As a powerlifter, I implement Occlusion Training on my off days as a means of recovery and hypertrophy training.

My knowledge is limited to that area and not to rehab. So, I don't cannot provided you with any rehab information.


Quote:

Originally Posted by SnuffSaid (Post 926029)
I really have no idea how effective this would be though, occlusion is such a foreign way of training to me,

It is initially foreign to everyone. I first read about it in 2008. Dr Layne Norton wrote a good article on.

It took me a while to understand it and ease into it.

When you examine the concept, you find that bodybuilders have utilized some form of blood restrtiction training forever.

Muscle contractions restrict venous blood flow back to the heart. Thus, moderate to high repetition sets create "The Pump" which means venous blood flow to back to the heart has been restricted.

"The Pump" means blood is dammed up in the muscle.

Another method that bodybuilders use is to maintain constant tension on the muscles in a set by not resting the bar at the bottom or locking it out at the top of the movement. That restricts blood flow.

Thus, Occlusion Training is build on "The Pump" and what bodybuilders have done forever.

"The Pump" creates an anabolic enviroment for muscle growth.


Quote:

Originally Posted by SnuffSaid (Post 926029)
here's what a I drew up laid out in it's entirity;

Day 1 - Bench + Squat
Day 2 - Barbell Row + Leg Ext.
Day 3 - Military Press + Trap Deadlift
Day 4 - Lat Pull + Leg Curl
Day 5 - Skullcrusher + Calf Raise
Day 6 - Zottman Curl + Romanian Deadlift
Day 7 - Bench + Squat
Day 8 - Barbell Row + Leg Ext.
Day 9 - Military Press + Trap Deadlift
Day 10 - Rest
Day 12 - Rest
Day 13 - Rest
Day 14 -Rest

As Einstein said, "Research is what I am doing, when I don't know what I am doing.

Give it a try and see how it works.


Quote:

Originally Posted by SnuffSaid (Post 926029)
Oh and I decided to use blood pressure cuffs instead of knee wraps.

I found exercise tube cheap and easier to work with.

Occlusion Training definitely has a place on the training table.

Kenny Croxdale

Jorgan VonStrangle 04-05-2013 01:53 PM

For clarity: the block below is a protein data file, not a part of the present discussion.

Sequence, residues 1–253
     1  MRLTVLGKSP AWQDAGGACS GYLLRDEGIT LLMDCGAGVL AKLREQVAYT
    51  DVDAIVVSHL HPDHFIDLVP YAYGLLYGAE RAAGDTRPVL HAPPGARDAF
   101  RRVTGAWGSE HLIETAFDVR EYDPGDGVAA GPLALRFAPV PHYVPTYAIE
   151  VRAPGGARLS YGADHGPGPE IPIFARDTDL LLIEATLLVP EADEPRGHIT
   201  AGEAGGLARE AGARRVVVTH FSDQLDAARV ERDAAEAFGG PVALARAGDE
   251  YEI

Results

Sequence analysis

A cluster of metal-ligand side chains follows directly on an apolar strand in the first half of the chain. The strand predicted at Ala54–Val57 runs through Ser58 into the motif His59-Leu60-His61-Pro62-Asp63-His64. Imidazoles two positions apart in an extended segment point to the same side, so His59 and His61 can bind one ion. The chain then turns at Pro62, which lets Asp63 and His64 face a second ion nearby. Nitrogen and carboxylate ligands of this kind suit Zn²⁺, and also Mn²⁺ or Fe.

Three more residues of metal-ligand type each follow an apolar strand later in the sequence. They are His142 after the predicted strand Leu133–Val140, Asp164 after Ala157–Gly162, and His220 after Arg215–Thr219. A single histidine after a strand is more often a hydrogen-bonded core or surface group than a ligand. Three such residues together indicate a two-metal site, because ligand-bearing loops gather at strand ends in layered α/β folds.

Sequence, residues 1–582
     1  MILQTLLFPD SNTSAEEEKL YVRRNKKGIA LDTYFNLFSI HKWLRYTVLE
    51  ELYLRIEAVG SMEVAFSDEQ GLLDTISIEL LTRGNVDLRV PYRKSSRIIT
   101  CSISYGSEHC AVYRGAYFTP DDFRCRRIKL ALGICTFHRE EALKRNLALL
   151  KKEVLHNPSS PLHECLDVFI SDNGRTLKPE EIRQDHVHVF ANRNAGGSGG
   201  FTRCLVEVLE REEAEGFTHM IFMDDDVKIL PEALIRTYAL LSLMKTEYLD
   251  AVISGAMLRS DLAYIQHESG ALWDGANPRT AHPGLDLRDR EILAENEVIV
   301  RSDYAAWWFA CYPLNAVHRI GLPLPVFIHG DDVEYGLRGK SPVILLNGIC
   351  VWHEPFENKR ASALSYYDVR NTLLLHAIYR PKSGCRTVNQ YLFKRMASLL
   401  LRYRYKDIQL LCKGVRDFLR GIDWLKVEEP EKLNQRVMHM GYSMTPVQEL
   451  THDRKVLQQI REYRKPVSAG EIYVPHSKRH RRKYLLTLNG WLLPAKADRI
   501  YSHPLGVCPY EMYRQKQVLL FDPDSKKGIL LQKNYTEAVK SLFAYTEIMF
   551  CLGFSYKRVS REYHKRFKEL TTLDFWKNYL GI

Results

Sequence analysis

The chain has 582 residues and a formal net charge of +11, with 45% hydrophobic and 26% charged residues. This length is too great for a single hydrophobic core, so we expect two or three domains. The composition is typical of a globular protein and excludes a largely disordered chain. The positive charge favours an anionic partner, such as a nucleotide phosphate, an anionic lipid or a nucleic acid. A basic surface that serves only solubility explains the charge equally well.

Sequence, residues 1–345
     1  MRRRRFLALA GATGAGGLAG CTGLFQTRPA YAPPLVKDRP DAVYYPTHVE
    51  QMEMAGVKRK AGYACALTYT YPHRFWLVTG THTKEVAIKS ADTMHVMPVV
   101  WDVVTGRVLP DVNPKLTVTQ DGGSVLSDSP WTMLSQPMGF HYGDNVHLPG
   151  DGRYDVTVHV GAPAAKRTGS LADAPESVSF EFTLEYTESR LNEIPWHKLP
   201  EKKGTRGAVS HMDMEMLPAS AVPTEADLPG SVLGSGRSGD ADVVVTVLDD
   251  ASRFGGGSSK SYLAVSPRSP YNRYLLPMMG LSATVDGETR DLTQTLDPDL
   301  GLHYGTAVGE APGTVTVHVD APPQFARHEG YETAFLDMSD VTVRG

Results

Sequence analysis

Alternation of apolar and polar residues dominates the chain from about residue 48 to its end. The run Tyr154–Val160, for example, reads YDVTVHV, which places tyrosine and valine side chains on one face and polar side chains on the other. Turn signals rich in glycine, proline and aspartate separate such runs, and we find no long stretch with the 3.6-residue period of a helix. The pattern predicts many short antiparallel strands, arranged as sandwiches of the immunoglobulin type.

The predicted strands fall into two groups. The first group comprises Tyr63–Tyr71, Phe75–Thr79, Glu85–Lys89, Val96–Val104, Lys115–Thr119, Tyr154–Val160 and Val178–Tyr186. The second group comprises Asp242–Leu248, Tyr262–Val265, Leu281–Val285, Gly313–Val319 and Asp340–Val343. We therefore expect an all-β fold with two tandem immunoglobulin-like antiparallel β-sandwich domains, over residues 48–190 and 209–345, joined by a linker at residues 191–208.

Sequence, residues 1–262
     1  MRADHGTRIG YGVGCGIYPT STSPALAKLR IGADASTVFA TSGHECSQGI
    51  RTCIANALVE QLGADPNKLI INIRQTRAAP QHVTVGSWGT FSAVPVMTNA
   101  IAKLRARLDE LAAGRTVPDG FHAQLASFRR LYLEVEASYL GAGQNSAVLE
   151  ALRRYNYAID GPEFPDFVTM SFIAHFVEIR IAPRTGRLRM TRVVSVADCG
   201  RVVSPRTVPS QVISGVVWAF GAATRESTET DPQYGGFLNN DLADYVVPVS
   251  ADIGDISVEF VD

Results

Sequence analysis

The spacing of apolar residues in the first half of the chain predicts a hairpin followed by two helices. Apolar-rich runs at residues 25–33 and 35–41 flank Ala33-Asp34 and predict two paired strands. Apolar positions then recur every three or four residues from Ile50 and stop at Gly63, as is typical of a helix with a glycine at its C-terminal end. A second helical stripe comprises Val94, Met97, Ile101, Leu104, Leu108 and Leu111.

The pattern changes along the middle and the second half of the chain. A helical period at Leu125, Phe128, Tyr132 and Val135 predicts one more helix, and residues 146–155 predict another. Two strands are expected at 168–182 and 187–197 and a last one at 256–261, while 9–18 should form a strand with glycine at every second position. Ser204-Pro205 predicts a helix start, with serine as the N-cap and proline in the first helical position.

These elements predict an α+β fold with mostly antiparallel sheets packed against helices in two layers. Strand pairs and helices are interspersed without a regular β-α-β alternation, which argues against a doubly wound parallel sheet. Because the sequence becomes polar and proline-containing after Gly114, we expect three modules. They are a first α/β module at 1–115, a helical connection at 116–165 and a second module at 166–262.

Quote:

Originally Posted by SnuffSaid (Post 926024)
I underwent discectomy surgery 5 or 6 months ago on my L5-S1 disc, my physiotherapist has recommended kaatsu/occlusion training to build back a little strength and size whilst I still can't use heavy loads.

The problem is I can only find studies that testify to the efficacy of occlusion, usually by applying it to one muscle group (typically the quadriceps). However, I'm wanting to use occlusion to build a balanced full body routine, not to bring up a lagging body part or supplement a standard strength training routine. The closest to decent information I've come to was two studies by "Jeremy Loenneke", a member of this site who appears to no longer be active.

I guess I must need spoonfeeding because despite the papers being rather thorough, I'm still at a loss as to how to structure such a routine since I can't apply much of my knowledge of strength training to this field, which is alien to me.

My physio recommended 1 upper and 1 lower exercise per day, 4 sets to failure with 20% 1MR, 9 days on, 4 days off. A study I read that did similarly amongst American football players used only squat and bench press, but I can't imagine that will do wonders for my upper back and deltoid size, or my pull-up strength etc. But if I do, say;

Day 1 - Squat + Bench
Day 2 - Deadlift + Lat Pull / Inverted Row
Day 3 - Calf Raise + Military Press
And so forth...

Will this reduced frequency in hitting each body part hinder results? What exactly is optimal in occlusion training?

Apologies for the length of the post but I've found frustratingly little about this via Google.

Any recommendations on how I can go about this?

There is evidence that occluded limbs can have a carry over effect to the back and/or chest muscles. i believe that yasuda was the author of the paper. The great thing about occlusion training is it causes next to zero muscle damage and can be used frequently. More research by Abe et al. has had people occlude the same body part twice per day, six days per week for two weeks and observed muscle size increases of 8%. Unfortunately, it is still unclear how to optimally periodize occlusion training (most research uses sets of 30-15-15-15) or if it can totally replace traditional training. However, research by Jake, Ryan and myself revealed that occluding the arms produces the same increases in muscle thickness as traditional training.

as i assume you do not have a kaatsu device. you can wrap your limbs proximally with knee wraps at a 7/10 perceived pressure. you can get your delt in there if you get the knee wraps high enough. hope this helps, PM me if you have more questions